Facing record unemployment, zero-at-best economic growth, and tens of thousands of residents leaving due to affordability concerns – even before the COVID-19 pandemic struck – Ventura County is in no position to discourage local businesses from continuing their operations.
Yet somehow that is precisely what keeps happening.
After being deceived by activists peddling unproven claims of water contamination and circumventing public input on the county’s General Plan, some local officials are now working to change longstanding processes to grab more power over permitting decisions. The gambit would amend zoning ordinances to give the Board an unprecedented power to deny permits to oil producers that have been operating safely for years.
The intent of these actions is clear. The coordinated efforts are explicitly designed to shut down oil production in Ventura County without any demonstrated need or rationale.
For instance, the latest effort – amending zoning regulations – is a discreet way to gum up the system and provide opportunities for activists to file frivolous permitting lawsuits and appeals. Ventura County faced 42 appeals challenging oil production permitting decisions between 2011 and 2017, costing the County Planning Commission hundreds of thousands in taxpayer funds to administer each year.
Notably, while dozens of appeals have been filed to stop oil and gas production permits, zero have been successful. If the Board of Supervisors moves to adjust the permitting processes for existing oil operations, it will open the flood gates for additional appeals, leading to increased waste of taxpayer funds and a massive slowdown in the permitting process.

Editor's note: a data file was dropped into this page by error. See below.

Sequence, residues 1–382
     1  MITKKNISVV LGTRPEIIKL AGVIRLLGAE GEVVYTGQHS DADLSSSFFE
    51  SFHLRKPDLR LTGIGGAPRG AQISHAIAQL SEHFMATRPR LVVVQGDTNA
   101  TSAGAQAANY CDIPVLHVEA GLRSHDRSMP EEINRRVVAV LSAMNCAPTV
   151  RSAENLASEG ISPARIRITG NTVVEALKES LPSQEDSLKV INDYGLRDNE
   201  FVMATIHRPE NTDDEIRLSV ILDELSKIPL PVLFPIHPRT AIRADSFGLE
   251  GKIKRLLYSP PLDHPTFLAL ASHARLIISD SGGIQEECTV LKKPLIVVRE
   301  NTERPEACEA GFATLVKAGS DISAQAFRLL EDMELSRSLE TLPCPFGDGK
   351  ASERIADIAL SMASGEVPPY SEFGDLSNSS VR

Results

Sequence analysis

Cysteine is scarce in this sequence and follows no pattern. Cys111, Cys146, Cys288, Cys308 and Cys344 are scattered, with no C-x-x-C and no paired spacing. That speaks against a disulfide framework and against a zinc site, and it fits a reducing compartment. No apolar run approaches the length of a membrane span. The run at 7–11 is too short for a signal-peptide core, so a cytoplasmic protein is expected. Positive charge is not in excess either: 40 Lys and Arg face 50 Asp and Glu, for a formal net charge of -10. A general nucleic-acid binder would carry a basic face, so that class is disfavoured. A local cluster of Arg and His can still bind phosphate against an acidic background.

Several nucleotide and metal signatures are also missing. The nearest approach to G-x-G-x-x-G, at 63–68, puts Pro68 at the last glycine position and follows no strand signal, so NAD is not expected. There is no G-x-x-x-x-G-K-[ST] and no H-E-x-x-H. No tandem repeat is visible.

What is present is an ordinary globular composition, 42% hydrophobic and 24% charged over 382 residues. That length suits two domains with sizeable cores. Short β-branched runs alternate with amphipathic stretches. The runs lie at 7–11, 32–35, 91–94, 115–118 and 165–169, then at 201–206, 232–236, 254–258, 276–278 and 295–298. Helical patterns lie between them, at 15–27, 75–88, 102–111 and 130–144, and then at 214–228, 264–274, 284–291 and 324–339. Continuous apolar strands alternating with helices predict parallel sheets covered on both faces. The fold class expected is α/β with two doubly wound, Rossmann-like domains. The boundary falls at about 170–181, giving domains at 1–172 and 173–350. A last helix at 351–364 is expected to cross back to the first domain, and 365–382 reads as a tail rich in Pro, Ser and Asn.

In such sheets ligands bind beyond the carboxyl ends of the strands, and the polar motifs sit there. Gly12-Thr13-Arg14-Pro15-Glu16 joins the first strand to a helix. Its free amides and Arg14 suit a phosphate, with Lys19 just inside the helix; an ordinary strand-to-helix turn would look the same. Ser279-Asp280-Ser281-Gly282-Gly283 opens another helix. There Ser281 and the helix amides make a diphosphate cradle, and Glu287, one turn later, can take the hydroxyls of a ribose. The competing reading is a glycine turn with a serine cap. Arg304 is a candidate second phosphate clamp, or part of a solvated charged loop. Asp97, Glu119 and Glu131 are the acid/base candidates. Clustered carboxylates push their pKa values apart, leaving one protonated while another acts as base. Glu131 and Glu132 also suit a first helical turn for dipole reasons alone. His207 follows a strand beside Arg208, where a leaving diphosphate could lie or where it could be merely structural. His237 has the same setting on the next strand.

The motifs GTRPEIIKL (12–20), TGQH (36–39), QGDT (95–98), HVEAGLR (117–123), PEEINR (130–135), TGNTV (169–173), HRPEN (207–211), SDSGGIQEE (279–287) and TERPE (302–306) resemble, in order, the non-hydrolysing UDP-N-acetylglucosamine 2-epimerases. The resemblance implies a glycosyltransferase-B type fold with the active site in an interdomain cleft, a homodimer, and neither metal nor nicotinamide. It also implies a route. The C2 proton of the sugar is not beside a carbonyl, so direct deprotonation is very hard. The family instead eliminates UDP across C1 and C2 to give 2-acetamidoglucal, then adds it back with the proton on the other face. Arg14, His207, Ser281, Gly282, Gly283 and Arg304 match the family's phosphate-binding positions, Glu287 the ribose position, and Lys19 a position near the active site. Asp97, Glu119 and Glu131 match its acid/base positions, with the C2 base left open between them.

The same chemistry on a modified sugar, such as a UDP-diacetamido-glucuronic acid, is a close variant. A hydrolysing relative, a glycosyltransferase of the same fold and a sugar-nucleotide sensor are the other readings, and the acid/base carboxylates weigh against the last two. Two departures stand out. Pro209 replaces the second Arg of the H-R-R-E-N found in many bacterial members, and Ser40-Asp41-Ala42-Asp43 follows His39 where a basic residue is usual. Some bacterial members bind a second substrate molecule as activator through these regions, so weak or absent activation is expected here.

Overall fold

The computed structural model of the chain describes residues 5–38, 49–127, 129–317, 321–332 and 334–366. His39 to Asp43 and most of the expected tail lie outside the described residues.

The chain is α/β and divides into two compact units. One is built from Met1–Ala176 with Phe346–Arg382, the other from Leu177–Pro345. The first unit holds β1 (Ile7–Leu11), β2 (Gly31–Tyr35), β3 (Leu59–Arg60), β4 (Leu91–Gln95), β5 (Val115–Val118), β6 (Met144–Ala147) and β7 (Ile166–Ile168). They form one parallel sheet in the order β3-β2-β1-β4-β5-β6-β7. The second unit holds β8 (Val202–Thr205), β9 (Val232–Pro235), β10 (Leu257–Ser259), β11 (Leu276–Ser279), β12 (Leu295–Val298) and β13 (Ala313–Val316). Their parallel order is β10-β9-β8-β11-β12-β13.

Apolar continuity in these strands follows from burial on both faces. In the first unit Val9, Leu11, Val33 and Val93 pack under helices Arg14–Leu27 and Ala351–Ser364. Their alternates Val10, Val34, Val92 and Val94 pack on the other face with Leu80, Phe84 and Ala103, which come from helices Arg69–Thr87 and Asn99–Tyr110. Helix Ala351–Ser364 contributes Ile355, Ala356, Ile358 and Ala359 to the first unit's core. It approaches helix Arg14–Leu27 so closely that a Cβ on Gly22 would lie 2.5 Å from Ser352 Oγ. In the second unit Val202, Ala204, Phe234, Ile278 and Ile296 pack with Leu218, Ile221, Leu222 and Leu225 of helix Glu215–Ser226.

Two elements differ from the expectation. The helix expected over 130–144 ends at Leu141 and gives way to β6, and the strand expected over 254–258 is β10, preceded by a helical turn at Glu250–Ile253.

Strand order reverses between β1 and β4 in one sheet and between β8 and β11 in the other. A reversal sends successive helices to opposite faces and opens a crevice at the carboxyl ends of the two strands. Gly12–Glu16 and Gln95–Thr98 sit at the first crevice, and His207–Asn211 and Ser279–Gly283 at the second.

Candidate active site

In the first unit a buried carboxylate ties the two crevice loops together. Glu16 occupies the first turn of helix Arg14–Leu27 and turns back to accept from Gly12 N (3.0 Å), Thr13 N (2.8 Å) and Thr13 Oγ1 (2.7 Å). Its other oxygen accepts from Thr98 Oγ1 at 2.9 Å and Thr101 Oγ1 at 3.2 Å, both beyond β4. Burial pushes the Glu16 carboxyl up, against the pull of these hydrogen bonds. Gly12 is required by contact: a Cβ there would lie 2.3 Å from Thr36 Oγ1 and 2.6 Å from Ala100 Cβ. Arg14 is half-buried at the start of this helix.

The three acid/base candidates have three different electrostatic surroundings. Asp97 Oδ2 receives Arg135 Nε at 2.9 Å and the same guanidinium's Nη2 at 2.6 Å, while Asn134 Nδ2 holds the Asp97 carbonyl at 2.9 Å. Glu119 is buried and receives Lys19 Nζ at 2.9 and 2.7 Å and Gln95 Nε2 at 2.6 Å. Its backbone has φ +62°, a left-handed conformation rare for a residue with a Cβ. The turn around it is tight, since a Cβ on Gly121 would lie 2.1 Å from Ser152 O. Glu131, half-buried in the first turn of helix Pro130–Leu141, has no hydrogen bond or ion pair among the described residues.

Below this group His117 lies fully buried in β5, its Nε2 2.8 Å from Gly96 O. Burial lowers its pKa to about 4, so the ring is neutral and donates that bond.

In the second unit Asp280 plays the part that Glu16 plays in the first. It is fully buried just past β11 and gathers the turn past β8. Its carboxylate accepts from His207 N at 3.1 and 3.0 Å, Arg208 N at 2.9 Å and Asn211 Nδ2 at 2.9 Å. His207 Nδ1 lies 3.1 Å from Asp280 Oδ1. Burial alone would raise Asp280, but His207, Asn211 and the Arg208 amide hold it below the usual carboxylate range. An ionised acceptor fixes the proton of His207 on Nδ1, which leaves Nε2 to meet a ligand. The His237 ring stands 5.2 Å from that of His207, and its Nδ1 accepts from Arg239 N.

With these sweeping actions aiming to shut down local oil operations, you might think Ventura County has experienced some kind of serious production crisis, but that’s simply not the case. Ventura County oil operations have produced millions of barrels of oil every year safely for decades – and have done so under the most stringent environmental and public health protections in the world.
Furthermore, existing Ventura County oil production helps reduce the need for foreign oil imports from halfway around the globe. California already imports 70% of the oil it uses every day and shutting down production in Ventura will only increase that percentage.
Instead of pursuing policies that will promote frivolous lawsuits and send good-paying local energy jobs overseas, the Board of Supervisors should be focused on COVID response and recovery and the massive economic challenges faced by their communities.